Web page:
Your only option at this stage is to go to the FOS. However, the FOS, since 2009, have no ability to rule that the bank should refund a penny. All they can do is make sure the bank have considered the hardship fairly.

    Even when considered fairly, the most common outcomes are:
    1 - suspension of future charges of x number of months
    2 - placed on a debt management plan
    3 - a refund of upto 12 months charges

    It can be one of those or a combination. Refund is not the only option. Suspension of future charges in increasingly common nowadays.

    The reason I asked about the letter missing something is that there is no signature block and the content doesnt address the hardship issue.

    In most hardship claims, the person receives a phone call and a discussion on budget and affordability takes place. The bank can see the retailers where things are bought. If holiday companies do appear on there then it will be held against the claim even if it is a UK camping holiday as people in hardship dont take holidays.

    I do wonder if the reference to "unfair" and demand for statutory interest refund has left the bank treating it as an "unfair" charges reclaims and meant they haven't really considered the hardship side at all. As I mentioned above, the minute you those things, the banks normally reject. So, referring it to the FOS on the basis that you feel the bank has not considered hardship is something that should be done. However, the expectation of success should be low and even with success, it may only be a few months of refund that may come his way.
    I am an Independent Financial Adviser (IFA). The comments I make are just my opinion and are for discussion purposes only. They are not financial advice and you should not treat them as such. If you feel an area discussed may be relevant to you, then please seek advice from an Independent Financial Adviser local to you.
  • Hi, I was wanting to ask for some advice, I had incurred over £1000 in bank fees for unauthorised overdraft fees for my old alliance & leicester account. Can I still claim these back even though the bank was taken over by Santander? The account is now closed and I cannot remember the sort code and account number.

    Mairead
  • edited 31 January 2019 at 1:15AM
    [Deleted User][Deleted User]
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    edited 31 January 2019 at 1:15AM
    I had incurred over £1000 in bank fees for unauthorised overdraft fees for my old alliance & leicester account. Can I still claim these back even though the bank was taken over by Santander?
    Not at all, I'm afraid.
    Since 2009 (now a full decade ago), bank charges have not been "reclaimable" unless you are CURRENTLY in the Bank's definition of financial hardship.

    However, in your case, it doesn't matter how bad your current financial situation is because you are no longer a customer of the bank in question and so it also doesn't matter who took them over.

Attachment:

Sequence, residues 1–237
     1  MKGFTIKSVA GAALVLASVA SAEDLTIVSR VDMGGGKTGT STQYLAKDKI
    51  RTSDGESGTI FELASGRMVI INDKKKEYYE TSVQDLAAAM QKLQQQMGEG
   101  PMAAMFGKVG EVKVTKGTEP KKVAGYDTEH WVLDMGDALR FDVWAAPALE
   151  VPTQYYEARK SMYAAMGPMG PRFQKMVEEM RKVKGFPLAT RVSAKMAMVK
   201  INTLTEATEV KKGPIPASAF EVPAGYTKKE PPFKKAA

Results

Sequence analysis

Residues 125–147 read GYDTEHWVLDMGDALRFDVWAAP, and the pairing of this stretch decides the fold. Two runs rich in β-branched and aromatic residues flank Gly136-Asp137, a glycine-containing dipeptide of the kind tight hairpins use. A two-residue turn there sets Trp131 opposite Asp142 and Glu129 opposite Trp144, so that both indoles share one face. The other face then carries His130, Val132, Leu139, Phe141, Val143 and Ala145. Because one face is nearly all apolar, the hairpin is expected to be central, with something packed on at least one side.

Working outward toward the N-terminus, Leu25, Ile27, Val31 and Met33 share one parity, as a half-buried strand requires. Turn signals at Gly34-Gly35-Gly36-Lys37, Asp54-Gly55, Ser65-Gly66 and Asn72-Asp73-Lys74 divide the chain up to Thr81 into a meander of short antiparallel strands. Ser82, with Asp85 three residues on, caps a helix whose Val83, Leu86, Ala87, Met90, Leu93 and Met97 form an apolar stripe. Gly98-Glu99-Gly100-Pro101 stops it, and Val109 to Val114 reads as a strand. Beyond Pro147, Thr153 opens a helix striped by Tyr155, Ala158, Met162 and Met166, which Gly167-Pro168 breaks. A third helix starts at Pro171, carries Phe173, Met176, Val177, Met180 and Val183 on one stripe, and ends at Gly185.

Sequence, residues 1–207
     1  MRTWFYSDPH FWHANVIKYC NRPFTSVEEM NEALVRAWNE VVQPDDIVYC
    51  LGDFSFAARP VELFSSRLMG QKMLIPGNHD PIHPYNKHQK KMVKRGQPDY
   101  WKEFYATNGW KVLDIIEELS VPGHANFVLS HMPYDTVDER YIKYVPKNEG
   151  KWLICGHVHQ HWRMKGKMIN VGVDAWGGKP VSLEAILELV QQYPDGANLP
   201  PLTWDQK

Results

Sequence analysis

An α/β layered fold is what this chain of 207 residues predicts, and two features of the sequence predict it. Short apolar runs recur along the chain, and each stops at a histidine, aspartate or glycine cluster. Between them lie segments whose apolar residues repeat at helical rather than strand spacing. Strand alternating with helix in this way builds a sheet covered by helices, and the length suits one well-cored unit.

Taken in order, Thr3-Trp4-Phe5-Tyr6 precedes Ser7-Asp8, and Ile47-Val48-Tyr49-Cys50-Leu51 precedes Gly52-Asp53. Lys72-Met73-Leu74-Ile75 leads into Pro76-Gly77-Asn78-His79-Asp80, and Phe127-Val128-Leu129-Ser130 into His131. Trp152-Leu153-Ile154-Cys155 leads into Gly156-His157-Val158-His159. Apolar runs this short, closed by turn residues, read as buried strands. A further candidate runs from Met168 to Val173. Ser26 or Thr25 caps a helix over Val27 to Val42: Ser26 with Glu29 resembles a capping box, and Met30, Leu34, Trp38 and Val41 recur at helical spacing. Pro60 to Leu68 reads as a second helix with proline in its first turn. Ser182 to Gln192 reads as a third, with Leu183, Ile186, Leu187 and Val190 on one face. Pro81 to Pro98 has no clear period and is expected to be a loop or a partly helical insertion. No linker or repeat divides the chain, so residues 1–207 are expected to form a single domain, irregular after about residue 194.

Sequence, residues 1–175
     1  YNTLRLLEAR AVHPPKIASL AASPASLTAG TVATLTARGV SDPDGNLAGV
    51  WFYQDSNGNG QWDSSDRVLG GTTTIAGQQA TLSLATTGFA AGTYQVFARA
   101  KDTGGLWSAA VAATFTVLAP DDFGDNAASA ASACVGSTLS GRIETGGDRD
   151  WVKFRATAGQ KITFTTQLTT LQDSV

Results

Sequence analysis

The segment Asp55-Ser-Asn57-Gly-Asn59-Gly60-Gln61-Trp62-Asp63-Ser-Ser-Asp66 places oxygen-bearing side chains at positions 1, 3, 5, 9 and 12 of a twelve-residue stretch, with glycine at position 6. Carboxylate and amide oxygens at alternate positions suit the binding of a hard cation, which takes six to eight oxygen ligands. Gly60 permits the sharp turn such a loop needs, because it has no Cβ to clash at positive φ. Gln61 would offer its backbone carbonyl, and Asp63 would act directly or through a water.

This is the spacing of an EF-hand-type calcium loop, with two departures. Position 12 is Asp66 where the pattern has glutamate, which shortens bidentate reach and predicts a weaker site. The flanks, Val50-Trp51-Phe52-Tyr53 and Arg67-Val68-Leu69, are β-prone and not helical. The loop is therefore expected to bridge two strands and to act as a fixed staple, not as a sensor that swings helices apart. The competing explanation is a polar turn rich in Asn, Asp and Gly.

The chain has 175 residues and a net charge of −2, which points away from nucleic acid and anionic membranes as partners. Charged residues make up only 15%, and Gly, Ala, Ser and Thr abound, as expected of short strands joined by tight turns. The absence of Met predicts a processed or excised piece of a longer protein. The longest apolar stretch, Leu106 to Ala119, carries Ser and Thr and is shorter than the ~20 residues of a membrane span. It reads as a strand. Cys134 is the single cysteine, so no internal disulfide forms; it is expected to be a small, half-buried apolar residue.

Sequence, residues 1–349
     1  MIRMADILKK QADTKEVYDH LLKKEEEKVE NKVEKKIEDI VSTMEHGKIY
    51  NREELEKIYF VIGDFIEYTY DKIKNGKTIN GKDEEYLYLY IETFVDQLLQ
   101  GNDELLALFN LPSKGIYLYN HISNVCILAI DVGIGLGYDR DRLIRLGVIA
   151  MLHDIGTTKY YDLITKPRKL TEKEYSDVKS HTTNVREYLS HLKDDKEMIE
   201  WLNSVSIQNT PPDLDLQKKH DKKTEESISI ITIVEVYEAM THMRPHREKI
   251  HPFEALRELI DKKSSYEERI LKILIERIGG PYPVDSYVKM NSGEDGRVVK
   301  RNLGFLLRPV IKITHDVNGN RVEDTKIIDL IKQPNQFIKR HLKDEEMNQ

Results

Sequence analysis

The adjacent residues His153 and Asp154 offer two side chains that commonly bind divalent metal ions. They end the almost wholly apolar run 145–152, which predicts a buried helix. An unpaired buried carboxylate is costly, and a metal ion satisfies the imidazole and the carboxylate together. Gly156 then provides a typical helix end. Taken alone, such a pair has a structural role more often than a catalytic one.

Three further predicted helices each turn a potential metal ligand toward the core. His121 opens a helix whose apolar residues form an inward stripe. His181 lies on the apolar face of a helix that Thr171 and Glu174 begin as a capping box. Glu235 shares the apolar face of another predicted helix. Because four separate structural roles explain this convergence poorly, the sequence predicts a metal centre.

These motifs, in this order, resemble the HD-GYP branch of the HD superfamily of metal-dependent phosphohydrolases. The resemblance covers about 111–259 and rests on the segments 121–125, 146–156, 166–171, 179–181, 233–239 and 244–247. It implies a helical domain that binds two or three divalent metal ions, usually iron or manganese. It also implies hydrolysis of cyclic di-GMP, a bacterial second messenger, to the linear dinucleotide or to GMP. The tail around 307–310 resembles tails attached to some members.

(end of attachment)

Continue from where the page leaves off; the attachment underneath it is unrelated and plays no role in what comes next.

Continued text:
Having no account details is just a further nail in the coffin of your "complaint". Basically, historical charges are never going to be refunded to you.

    I suggest you read this thread, just a few pages will do, to get a taste of exactly what an uphill struggle it is to get old bank charges refunded.
  • dolgothdolgoth Forumite
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    HI,

    I think I was originally sold an HSBC account under false pretext (easier to get a mortgage) so the account probably was not right for me at the time. I would say though in the last few years (possibly 3) the account probably is right. Is there a way to only claim for a portion of the period or claim then keep the account? Would keeping the account put a bad mark against your name after claiming?

    Thanks
  • dunstonhdunstonh Forumite
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    dolgoth wrote: »
    HI,

    I think I was originally sold an HSBC account under false pretext (easier to get a mortgage) so the account probably was not right for me at the time. I would say though in the last few years (possibly 3) the account probably is right. Is there a way to only claim for a portion of the period or claim then keep the account? Would keeping the account put a bad mark against your name after claiming?

    Thanks

    I think you have posted to the wrong thread. This is about overdraft charges that people used to claim back on before 2009.
    I am an Independent Financial Adviser (IFA). The comments I make are just my opinion and are for discussion purposes only. They are not financial advice and you should not treat them as such. If you feel an area discussed may be relevant to you, then please seek advice from an Independent Financial Adviser local to you.
  • BermoniaBermonia Forumite
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    Whilst the wrong thread the answer is no, you would not be able to have your cake and eat it I’m afraid
  • [Deleted User][Deleted User]
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    dolgoth wrote: »
    Is there a way to only claim for a portion of the period or claim then keep the account?
    No, if you complain the account was mis-sold to you then it will be totally cancelled if your complaint is upheld.


    You don't appear to have a very compelling complaint in any case...